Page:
Winning poker is difficult to define and everybody has a slightly different definition. Most players want to know how to play winning poker but don’t know how to get there. I’ve played the game for nearly a decade now (casually and more seriously) and there are some critical lessons I have learned along the way.
I’ve talked about bluffing before, but river bluffing is another story. It is one of those things that every player knows they should do, but few players can actually pull the trigger. IMO, many players miss these opportunities because they simply don’t understand exactly what they are doing. The fact that river bluffs are the most expensive in poker tends to exacerbate the problem and reduce the quality of decision making.
What is pokers effect on the brain? Have you considered this before? I don’t think many players have spend too much time thinking about it or concerning themselves with this topic. However, I do think it is a topic that warrants some discussion.
Mental Illness In Poker
Poker Winrates are one of the biggest fallacies in the poker world. Sometimes topics deserve a rant, and this is one of them. Sure, we all like the idea of becoming so good that we have some kind of a reliable “winrate”. That is total nonsense though….
1) We are all human. Yep, I would think that would be pretty obvious to people, but its implications may not be. You may play great on one day and horrible the next. As I write this article Serena Williams just lost despite odds being 300-1 in her favor. If you have a bad day in poker and play horribly is it fair to say you had a “winrate” that day? No, that is absurd.
2) There are multiple independent variables that poker players can not control. Assume that you are no longer human and are a robot so that variable (your level of play) is fixed. The robot still doesn’t have a “winrate” or “lossrate”. Why? Because there are still a couple of critical independent variables at play – think rake and opponent quality/behavior. Rake we can account for, but opponent behavior is extremely difficult to figure out. Ex. fewer maniacs that dump hundreds of big blinds to other players can have a huge effect on player winrates. However, you might not notice a subtle change in the frequency of their arrival if you play thousands of hands.
3) Generally the assumption with winrates is that in the “long term” everything balances out, and some kind of fairly predictable winrate emerges. This is hogwash – it assumes there are no structural changes occurring over the long term that may be altering their “winrate”. As we all know from reading my article Why Online Poker Is Dying there have been some major structural changes in the industry over the past 5-10 years. Almost all of those changes have been significant negatives for players. Very few / none of the players I know have the same winrate or lossrate they had in 2013, 2012, 2009, 2005, etc, etc.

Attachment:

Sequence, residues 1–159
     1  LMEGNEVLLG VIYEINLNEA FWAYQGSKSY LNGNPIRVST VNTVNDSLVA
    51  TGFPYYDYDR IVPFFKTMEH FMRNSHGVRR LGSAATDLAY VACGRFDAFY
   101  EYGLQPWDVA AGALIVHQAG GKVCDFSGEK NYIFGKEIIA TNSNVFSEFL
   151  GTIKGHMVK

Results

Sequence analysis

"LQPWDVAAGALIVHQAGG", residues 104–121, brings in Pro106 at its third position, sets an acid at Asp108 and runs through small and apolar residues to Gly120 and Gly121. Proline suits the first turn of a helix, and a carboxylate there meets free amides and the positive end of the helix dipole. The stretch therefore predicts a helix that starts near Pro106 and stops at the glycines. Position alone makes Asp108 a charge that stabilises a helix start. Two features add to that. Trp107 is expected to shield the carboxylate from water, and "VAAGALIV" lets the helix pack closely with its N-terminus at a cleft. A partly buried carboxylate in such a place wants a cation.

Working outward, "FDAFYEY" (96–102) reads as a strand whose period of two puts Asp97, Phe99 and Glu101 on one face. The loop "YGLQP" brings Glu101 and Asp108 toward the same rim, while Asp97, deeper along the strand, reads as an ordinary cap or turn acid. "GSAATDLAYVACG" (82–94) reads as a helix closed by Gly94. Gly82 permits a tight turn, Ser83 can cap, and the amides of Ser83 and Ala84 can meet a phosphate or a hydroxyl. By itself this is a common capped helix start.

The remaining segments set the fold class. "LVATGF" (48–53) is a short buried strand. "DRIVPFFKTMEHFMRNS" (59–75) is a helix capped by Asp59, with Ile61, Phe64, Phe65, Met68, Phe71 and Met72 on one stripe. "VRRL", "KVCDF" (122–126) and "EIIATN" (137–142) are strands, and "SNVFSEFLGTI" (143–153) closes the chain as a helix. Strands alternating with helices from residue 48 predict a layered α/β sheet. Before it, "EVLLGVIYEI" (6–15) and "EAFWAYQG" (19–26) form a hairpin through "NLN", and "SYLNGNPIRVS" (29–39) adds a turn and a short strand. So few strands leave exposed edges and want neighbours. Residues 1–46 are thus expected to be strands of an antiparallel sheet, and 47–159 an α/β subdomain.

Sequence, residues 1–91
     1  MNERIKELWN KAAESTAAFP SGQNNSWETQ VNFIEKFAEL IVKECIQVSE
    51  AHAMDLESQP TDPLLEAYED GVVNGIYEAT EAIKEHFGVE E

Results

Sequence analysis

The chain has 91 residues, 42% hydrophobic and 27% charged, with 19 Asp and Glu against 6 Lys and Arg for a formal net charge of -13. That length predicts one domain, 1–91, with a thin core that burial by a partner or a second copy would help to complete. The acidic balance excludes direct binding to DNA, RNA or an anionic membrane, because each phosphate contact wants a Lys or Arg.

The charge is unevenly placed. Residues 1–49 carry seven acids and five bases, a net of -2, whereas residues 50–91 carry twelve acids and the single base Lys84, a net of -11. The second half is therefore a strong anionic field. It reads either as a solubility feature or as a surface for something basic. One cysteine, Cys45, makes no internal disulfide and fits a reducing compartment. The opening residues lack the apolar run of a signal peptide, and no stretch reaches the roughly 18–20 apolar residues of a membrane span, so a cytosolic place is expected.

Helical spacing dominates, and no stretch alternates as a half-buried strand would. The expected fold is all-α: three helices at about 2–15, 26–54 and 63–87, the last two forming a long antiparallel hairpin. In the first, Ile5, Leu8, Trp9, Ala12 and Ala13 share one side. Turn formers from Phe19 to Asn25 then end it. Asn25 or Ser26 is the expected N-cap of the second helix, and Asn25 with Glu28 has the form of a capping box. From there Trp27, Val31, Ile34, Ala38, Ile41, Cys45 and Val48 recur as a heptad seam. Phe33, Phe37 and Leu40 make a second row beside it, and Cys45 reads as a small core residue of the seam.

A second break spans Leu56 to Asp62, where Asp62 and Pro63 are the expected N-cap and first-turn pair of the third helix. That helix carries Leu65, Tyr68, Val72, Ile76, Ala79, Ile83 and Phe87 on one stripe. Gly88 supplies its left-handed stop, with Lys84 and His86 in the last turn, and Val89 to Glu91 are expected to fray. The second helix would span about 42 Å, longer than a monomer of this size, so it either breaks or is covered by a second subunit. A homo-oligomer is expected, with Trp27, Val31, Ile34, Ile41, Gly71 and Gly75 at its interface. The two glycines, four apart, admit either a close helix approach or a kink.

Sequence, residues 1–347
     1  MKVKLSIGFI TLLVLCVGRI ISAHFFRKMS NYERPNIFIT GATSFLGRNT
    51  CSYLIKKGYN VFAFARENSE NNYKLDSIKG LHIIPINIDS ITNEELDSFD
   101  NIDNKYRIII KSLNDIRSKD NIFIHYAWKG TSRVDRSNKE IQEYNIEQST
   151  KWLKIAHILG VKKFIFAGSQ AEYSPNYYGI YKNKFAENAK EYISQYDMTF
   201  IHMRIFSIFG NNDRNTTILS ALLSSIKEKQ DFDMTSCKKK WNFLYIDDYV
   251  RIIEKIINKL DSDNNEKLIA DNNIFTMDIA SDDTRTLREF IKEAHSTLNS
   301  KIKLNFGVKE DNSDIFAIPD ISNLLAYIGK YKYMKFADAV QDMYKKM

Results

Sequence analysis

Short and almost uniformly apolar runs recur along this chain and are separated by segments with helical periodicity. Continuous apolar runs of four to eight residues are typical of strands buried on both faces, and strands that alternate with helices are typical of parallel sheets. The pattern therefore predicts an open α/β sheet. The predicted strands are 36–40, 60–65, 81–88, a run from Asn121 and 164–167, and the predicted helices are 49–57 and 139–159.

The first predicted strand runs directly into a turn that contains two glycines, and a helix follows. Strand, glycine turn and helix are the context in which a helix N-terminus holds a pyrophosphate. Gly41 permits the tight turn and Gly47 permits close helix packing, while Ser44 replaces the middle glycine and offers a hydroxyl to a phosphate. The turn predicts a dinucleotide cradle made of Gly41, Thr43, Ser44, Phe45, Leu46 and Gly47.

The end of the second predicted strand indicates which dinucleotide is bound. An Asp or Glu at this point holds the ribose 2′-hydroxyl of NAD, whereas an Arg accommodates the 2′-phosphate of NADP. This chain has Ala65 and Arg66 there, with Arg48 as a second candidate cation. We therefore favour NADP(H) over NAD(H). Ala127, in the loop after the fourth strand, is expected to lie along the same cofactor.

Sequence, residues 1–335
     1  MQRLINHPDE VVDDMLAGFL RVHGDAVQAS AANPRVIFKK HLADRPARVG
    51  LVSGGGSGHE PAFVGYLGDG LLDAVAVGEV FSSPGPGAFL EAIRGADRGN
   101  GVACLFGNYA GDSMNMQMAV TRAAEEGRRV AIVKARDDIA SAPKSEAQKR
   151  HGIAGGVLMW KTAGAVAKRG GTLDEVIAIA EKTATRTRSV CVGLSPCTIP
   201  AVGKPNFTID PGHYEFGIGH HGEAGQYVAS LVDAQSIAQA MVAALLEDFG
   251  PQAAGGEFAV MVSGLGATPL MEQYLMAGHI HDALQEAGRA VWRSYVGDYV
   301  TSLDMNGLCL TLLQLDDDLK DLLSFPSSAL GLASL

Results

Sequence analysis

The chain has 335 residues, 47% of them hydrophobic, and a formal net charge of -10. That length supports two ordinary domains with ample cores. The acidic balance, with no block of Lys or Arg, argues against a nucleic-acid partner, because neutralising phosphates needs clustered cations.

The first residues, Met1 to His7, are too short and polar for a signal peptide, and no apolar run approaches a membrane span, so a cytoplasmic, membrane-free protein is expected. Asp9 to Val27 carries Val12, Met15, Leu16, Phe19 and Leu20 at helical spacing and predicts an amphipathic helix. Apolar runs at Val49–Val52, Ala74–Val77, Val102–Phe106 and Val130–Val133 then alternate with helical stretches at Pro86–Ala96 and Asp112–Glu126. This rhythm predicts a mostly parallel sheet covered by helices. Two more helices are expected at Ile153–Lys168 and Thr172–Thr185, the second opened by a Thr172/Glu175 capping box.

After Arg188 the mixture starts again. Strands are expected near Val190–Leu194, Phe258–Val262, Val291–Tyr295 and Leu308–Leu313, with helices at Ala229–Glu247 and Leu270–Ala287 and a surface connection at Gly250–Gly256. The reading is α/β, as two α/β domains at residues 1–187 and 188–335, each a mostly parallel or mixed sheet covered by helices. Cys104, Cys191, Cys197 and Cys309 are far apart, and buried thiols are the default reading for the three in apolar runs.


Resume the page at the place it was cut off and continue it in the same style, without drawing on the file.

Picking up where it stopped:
1) When you start to lose you may not stop…. Many players who were once winners have lost tons of money by convincing themselves they are still winners when in reality things changed to make them losers.
2) If playing yields a certain “winrate” for you then it may feel like the way you play doesn’t matter. This isn’t the case and as a player you need to always bring your A or B game at least.
3) You might play too many tables. As we all know from my previous post poker table selecting is critical to your success. Sometimes if you think its all just a pre determined “winrate” its easy to slip into the habit of not table selecting aggressively.
4) Another bad habit that players fall into is becoming to passive while at the tables. If you are in the midst of a long session or playing multiple tables make sure you keep 3 betting light and 4betting light where appropriate.
Human nature drives us to want security and guarentees. However, in poker no such thing exists. There is no reliable winrate, there is no insurance, and there are no guarantees. After all, there is a reason they call it gambling ;). Can you win gambling? Sure, but you can also lose…. The only way to ensure success is to stay one step ahead of your competition. The moment you fall one step behind you are losing. “Winrates”, lol.
-ThePokerCapitalist (No nonsense, no ads, straight talk on poker)
First I just want to say that I really appreciate those of you who buy directly from the author. For a limited time I am offering Exploitive No Limit Holdem in PDF, ePub, or Kindle format 50% off ($19.99).
You won’t find this available anywhere else on the web :). For those of you who haven’t already picked up a copy of the book please do so. There have been numerous positive reviews and I have no doubt you will find value in the purchase.
You can see a number of reviews on this thread.
You can see a couple of Amazon verified reviews here.